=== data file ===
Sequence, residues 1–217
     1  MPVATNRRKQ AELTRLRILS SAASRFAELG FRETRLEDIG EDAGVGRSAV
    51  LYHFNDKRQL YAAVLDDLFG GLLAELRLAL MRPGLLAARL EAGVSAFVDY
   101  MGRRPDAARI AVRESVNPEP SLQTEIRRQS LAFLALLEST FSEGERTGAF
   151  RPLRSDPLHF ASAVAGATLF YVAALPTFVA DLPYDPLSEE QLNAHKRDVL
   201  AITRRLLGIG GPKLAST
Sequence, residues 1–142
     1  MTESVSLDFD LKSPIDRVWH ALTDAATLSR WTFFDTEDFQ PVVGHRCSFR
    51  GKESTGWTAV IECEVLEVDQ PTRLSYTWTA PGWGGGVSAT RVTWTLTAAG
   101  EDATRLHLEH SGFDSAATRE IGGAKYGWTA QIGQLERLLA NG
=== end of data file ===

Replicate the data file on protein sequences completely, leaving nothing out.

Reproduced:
Sequence, residues 1–217
     1  MPVATNRRKQ AELTRLRILS SAASRFAELG FRETRLEDIG EDAGVGRSAV
    51  LYHFNDKRQL YAAVLDDLFG GLLAELRLAL MRPGLLAARL EAGVSAFVDY
   101  MGRRPDAARI AVRESVNPEP SLQTEIRRQS LAFLALLEST FSEGERTGAF
   151  RPLRSDPLHF ASAVAGATLF YVAALPTFVA DLPYDPLSEE QLNAHKRDVL
   201  AITRRLLGIG GPKLAST
Sequence, residues 1–142
     1  MTESVSLDFD LKSPIDRVWH ALTDAATLSR WTFFDTEDFQ PVVGHRCSFR
    51  GKESTGWTAV IECEVLEVDQ PTRLSYTWTA PGWGGGVSAT RVTWTLTAAG
   101  EDATRLHLEH SGFDSAATRE IGGAKYGWTA QIGQLERLLA NG